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Large cast iron skillet
Enough bacon drippings and canola oil (equal parts) to be about 1 ˝ inches deep
Fryer parts of chicken, whatever pieces you fancy
Plain breadcrumbs
Dried thyme
Poultry seasoning
Pure garlic powder
Tarragon (fresh leaves if possible, chopped, otherwise dried will do)
S & P

Wash chicken pieces in cold water. If you use wings, cut off the tips to make it easier to handle them in the skillet. We prefer to cut up whole fryers because Jim likes the bony parts and I like the meaty ones. To serve four, add extra wings, breasts, legs or thighs, depending on light/dark meat preference. I figure at least around 3 pieces per person. Lay the pieces out on a clean countertop. Salt and pepper, using lots of good fresh-ground black pepper. Turn pieces and do the same to other sides. Allow to sit while you prepare oil and coating.

Fill skillet with mix of bacon drippings and canola oil and start to heat it slowly. Watch that it does not burn but gets good and hot. When chicken is prepped and ready to fry, test to see oil mix is hot enough by dropping a pinch of breadcrumbs in the grease. When it sizzles, you’re ready to go.

While oil is heating, blend herbs with breadcrumbs on a large dinner plate. I use generous amounts (maybe a tbls of each herb and a tsp of garlic powder). The main flavor should come from the tarragon. The paprika can be sprinkled in the heating oil as well as blended in the crumbs. It will help make the chicken a rich golden brown. The proportions of herbs is a matter of preference, so see if you like the taste of the tarragon most, or prefer thyme or poultry seasoning. Go lightest on the garlic as it can overpower all else. Once you have the crumbs blended with herbs, dredge each piece of chicken in it, coating evenly on all sides. Place pieces on a clean plate, keeping them separate so they don’t pull off coating from being pressed together.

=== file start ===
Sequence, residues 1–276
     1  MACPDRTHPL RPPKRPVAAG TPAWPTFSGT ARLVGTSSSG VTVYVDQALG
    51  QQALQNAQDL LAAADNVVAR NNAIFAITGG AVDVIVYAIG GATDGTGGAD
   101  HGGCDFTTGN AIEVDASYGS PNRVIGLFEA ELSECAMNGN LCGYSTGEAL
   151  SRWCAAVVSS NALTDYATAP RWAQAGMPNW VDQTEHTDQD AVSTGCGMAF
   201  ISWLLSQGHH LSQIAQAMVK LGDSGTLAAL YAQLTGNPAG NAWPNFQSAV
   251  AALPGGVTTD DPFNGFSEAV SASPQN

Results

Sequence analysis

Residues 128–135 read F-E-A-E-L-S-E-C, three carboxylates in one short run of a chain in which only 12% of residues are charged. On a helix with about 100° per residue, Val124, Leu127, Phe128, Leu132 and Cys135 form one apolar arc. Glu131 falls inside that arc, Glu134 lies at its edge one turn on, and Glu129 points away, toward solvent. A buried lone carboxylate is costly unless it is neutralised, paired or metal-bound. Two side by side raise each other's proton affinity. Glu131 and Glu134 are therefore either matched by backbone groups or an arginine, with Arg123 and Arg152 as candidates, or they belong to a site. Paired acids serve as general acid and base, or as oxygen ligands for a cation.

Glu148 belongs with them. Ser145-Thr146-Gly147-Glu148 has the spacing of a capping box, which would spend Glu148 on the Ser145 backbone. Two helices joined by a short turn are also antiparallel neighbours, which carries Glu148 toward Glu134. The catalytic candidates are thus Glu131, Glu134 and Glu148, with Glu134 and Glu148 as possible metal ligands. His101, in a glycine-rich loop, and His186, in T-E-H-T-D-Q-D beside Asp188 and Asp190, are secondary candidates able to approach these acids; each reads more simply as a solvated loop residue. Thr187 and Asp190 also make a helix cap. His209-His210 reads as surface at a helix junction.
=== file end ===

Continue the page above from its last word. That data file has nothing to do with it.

Make sure the grease is returned to good heat, if you had to turn it down while coating chicken. If it isn’t hot enough, the crumbs will absorb the grease and become soggy. Place larger pieces, halves or quarters of breast and thighs, in first. Save smaller pieces like drumsticks and wings for the last batch as they will take less cooking. Keep heat medium high at first until bottom of first batch turns brown. Then turn over and reduce heat to medium. Cover skillet loosely with a lid so the meat can tenderize while it browns.

You have to play with arranging the pieces and turning them to keep cooking even. I turn the skillet round and round on the flame as I work. When the first batch of larger pieces is done (about 20 minutes), remove with fork and place in a dish lined with about four thicknesses of paper towels. Raise heat to high again, then put in smaller pieces. They’ll take a bit less time.

Test all pieces for doneness by sticking a fork in. If it comes out easily, they’re done. For a picnic, prepare chicken the day ahead and refrigerate overnight. The flavors are incredibly rich by the second day.





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